By Brandon Whitt
An extremely early morning awaited the PAL class as we gathered in the hotel lobby to make the trek from São Paulo to the beautiful city of Rio de Janeiro, and the group was anxious to visit another part of the country and take in the rich and diverse culture that awaited us.
Travel always seems much easier to me when done with a group, and this proved true on our journey this particular morning, as we quickly learned our English-speaking skills would be of no help in navigating the completely Portuguese-speaking local airport. Relying heavily on our native Brazilian tour guide, Ray, we made it through check-in, security and of course airport breakfast in a timely manner to arrive at our gate. On the short flight to Rio, I could already see that this city was going to offer some amazing sights for our group.
Upon arriving in Rio, we loaded a bus to begin our sightseeing journey in and through the city. As was the case throughout most of Brazil, the class divide became very apparent very quickly. Brazil has a very small middle class compared to America; you are either rich or quite poor. In the inner city of Rio, we saw many neighborhoods full of block structures that were used as government housing. We also saw a good deal of construction of infrastructure to prepare for the World Cup later this year and the summer Olympics in 2016. Leaving the downtown area and making our way closer to the coast, we quickly saw the housing improve and businesses that catered to a higher-end lifestyle, as well as the stadium for Carnival. The stadium itself holds more than 70,000 people who have a bird’s-eye view of the dance and float competition that takes place over the four day weekend leading up to Ash Wednesday.
During our bus journey, we took in the breathtaking view of the harbor and beach down the coast of Rio de Janeiro from the top of Sugar Loaf Mountain. Most likely, if you were to Google the city of Rio, this view is the first image you would see. Seeing this landscape view of the city with my own eyes was absolutely amazing. I have traveled to and seen many beautiful places in the world, but this had to be one of the very best! While indulging in the local cuisine for lunch, we learned about “rooftop roast,” which is a beef roast that has actually been sun-dried up on the rooftop. The outer edge had a crispiness to it like nothing I had ever tasted, only to find the center was as juicy and tender as if it had been slow cooked in a crock pot.
After lunch we made our way to see the Cristo Redentor, also known as “the big Jesus statue on the hill.” We waited with hundreds of people to board the train that would take us to the top of the hill before climbing a long flight of steps to actually reach the top. Known for keeping watch over the city below, I couldn’t help but ponder just how valuable this monument was to the people who visited it, as hundreds of them posed to have their pictures taken with the statue in the background. I was quickly reminded of just how important Christ is in my own life. I enjoyed having the chance to visit the chapel inside the statue, pausing for a moment to praise God for all of the blessings in my own life and for the opportunity to see a broader vision of how important my job is to not only American families, but also to families all over the world.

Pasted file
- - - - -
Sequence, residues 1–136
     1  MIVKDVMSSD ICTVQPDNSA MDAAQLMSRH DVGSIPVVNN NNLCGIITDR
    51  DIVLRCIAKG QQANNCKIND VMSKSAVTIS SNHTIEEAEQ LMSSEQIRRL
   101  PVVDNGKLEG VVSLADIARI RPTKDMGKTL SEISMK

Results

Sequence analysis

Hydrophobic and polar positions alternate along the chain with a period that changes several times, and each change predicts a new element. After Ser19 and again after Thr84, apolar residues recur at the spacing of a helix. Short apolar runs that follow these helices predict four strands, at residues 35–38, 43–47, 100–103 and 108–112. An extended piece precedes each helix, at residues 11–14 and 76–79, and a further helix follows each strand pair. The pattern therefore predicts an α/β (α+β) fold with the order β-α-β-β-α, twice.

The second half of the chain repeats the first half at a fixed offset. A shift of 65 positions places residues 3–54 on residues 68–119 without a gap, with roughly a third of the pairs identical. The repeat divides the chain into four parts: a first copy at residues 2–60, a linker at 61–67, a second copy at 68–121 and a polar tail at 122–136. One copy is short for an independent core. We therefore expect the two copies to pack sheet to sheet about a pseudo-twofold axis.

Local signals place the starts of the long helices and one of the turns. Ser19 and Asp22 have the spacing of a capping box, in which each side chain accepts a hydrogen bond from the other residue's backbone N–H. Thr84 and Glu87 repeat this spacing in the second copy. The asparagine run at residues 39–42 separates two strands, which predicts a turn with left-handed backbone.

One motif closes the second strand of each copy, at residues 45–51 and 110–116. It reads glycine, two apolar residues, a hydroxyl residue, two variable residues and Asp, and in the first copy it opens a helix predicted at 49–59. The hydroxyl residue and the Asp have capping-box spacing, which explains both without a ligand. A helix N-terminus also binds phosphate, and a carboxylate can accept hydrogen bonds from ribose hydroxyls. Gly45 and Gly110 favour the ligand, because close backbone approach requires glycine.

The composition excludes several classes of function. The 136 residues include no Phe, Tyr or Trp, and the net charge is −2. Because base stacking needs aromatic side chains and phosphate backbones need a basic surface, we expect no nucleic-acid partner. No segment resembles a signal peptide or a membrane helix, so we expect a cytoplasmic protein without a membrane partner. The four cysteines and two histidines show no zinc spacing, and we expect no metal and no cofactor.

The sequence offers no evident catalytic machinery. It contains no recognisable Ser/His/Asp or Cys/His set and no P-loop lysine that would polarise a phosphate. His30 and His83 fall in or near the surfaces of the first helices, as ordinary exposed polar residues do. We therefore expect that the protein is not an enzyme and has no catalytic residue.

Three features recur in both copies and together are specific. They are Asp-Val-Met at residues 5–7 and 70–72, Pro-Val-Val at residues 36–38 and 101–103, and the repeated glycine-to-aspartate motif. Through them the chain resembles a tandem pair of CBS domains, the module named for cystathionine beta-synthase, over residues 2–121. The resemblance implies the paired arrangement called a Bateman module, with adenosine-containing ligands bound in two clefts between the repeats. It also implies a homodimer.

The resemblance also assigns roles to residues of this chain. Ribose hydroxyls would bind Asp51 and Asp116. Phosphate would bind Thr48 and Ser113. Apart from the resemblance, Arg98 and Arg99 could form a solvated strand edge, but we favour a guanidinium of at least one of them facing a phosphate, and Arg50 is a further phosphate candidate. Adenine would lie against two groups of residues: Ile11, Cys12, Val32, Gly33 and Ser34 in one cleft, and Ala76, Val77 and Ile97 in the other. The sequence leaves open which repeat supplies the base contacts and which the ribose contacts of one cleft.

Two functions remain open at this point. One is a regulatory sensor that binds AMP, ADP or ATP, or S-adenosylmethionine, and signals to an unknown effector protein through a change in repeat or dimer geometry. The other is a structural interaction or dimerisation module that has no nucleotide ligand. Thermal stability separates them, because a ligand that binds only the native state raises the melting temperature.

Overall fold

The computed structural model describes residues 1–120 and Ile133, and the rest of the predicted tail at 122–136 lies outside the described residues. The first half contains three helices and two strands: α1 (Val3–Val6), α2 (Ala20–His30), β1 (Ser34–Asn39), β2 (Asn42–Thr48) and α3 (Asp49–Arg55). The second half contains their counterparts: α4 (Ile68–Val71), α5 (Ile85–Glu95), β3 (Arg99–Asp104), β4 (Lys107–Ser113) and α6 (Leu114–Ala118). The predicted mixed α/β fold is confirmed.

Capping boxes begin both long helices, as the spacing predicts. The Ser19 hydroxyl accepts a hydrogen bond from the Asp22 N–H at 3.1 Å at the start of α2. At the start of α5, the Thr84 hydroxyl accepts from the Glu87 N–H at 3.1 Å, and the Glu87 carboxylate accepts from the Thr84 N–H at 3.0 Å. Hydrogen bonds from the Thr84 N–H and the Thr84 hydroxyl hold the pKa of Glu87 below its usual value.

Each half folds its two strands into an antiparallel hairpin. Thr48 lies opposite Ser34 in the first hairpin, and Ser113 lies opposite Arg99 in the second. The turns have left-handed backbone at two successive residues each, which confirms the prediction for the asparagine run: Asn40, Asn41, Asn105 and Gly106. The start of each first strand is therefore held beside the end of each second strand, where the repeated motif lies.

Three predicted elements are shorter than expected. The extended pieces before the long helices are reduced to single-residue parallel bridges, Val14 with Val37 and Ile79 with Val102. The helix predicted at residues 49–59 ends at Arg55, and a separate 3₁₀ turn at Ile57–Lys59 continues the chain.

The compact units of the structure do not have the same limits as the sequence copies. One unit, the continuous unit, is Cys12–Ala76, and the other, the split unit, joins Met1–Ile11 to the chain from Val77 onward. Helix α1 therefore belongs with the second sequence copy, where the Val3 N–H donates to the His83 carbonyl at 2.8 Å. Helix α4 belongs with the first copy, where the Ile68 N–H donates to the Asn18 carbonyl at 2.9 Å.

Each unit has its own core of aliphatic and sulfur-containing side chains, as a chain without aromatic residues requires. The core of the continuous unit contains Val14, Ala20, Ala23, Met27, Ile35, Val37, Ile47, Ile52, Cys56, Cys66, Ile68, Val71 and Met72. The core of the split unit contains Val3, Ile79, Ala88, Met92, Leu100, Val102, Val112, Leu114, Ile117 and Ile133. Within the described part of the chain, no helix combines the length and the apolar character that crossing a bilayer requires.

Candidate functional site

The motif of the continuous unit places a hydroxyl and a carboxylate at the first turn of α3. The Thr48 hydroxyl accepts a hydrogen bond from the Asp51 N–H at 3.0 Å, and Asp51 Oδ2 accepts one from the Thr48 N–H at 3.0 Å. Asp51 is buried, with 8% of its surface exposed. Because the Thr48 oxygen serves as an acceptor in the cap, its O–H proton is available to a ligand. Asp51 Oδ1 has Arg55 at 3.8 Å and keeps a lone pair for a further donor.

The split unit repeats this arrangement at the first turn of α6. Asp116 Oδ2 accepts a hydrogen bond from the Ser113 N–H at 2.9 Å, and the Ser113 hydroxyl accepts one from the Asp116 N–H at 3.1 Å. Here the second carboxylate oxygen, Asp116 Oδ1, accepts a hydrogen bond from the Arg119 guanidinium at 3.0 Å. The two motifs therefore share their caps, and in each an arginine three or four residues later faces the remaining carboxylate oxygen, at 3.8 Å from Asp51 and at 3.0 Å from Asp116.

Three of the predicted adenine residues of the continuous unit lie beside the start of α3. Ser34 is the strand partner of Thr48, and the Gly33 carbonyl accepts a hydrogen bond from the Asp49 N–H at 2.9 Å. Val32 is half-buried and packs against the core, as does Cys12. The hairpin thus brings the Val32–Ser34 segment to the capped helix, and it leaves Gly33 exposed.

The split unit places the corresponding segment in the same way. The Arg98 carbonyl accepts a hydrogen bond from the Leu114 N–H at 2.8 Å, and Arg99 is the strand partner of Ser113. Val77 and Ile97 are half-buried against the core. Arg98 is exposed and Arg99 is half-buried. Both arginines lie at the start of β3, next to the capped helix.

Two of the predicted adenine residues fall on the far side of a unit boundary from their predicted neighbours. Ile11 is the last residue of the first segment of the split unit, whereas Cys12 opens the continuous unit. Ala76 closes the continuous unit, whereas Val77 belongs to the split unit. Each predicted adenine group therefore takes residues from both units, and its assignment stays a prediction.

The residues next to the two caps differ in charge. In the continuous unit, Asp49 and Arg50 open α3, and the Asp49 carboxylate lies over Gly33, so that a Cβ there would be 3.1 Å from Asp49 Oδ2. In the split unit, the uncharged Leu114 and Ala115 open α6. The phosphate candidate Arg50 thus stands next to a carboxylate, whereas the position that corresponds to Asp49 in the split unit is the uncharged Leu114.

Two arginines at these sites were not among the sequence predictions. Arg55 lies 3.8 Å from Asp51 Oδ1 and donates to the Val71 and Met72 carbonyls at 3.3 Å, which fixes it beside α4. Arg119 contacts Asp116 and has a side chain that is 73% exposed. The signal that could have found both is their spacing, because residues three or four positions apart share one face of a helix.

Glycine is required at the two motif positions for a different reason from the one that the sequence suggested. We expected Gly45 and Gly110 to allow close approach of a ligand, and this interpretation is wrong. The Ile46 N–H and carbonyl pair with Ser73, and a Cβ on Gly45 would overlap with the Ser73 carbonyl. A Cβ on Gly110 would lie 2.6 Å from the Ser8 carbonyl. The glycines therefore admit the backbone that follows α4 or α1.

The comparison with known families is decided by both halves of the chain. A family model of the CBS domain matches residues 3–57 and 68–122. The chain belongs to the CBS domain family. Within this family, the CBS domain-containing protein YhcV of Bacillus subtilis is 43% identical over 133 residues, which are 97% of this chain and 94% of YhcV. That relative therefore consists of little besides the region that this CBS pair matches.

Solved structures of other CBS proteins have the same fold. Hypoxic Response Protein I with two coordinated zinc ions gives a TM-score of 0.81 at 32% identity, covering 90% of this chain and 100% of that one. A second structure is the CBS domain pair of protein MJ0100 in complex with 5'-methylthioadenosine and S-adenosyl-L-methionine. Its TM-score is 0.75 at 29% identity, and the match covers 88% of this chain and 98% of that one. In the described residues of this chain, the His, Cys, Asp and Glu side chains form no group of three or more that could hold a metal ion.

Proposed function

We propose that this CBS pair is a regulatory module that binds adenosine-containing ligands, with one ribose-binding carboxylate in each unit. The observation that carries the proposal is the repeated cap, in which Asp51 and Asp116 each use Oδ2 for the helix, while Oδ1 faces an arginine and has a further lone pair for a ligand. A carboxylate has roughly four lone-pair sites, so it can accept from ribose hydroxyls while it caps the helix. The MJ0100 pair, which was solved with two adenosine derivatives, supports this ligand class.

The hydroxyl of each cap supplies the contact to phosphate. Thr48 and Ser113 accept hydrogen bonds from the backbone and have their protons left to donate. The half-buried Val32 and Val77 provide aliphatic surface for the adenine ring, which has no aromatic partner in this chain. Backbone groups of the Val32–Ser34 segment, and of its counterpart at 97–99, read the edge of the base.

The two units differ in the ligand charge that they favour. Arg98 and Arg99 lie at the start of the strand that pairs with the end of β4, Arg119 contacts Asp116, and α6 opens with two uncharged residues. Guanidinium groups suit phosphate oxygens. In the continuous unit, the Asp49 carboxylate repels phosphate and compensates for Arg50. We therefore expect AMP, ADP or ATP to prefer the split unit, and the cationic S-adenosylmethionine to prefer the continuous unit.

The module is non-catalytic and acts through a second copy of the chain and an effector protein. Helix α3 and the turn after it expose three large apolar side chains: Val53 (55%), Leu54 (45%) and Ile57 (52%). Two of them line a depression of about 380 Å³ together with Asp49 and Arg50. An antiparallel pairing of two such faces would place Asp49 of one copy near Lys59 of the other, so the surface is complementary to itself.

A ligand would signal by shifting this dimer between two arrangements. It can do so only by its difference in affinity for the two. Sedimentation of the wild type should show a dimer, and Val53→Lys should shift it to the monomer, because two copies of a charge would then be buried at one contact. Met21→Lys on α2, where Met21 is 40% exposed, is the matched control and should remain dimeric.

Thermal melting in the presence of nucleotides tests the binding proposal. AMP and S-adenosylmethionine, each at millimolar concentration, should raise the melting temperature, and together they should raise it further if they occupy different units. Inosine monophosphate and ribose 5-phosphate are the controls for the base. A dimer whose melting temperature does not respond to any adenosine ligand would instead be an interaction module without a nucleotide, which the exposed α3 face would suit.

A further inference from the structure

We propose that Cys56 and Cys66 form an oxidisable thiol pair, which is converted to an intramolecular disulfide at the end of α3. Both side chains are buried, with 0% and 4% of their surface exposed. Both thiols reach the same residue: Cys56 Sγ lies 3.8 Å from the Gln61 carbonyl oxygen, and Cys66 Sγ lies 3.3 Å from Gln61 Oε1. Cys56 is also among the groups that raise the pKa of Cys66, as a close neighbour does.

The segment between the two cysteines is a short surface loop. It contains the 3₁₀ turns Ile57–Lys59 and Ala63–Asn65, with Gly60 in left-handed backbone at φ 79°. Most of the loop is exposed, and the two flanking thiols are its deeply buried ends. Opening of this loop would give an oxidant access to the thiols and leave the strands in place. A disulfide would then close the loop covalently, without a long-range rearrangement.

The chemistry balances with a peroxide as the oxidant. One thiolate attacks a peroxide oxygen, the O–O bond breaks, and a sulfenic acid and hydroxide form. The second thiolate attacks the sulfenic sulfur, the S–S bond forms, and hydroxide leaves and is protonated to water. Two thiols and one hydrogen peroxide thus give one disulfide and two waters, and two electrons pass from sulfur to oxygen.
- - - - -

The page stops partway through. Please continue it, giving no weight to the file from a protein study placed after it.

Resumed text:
The week was a great adventure, and we were constantly reminded of the struggles and turmoil we face within agriculture – how to dispel the doubts, fight the pests, raise the yields to meet an ever increasing demand – and, at the end of the day, how to balance it all and meet the needs of my own family.
Our week in Brazil as 10 PALs encouraged to build a better tomorrow through agriculture was certainly an eye opening experience. Each and every day was valuable in its own way, but having the opportunity to step away and see the rich diversity and culture that Brazil has to offer helped to personally bring the message home of why I choose to farm for a living. Although we live in a world where we seem to face undying scrutiny from activists, relentless weather from Mother Nature and an unsure economy at times, I was reminded that what I do matters, and I will never stop trying to make this world a better place to live.
I have to extend my deepest gratitude to each and every person who helped to make this trip possible. The fine folks of American Farm Bureau, Monsanto and Farm Credit, in my book, went all out to ensure that PAL Class 7 gained a valuable vision of global agriculture and the significant role that each participant plays.
Brandon Whitt is a member of PAL Class 7 blogging about his experiences in Brazil with the PAL class. Brandon is an eighth generation row crop, hay and hog farmer from Tennessee.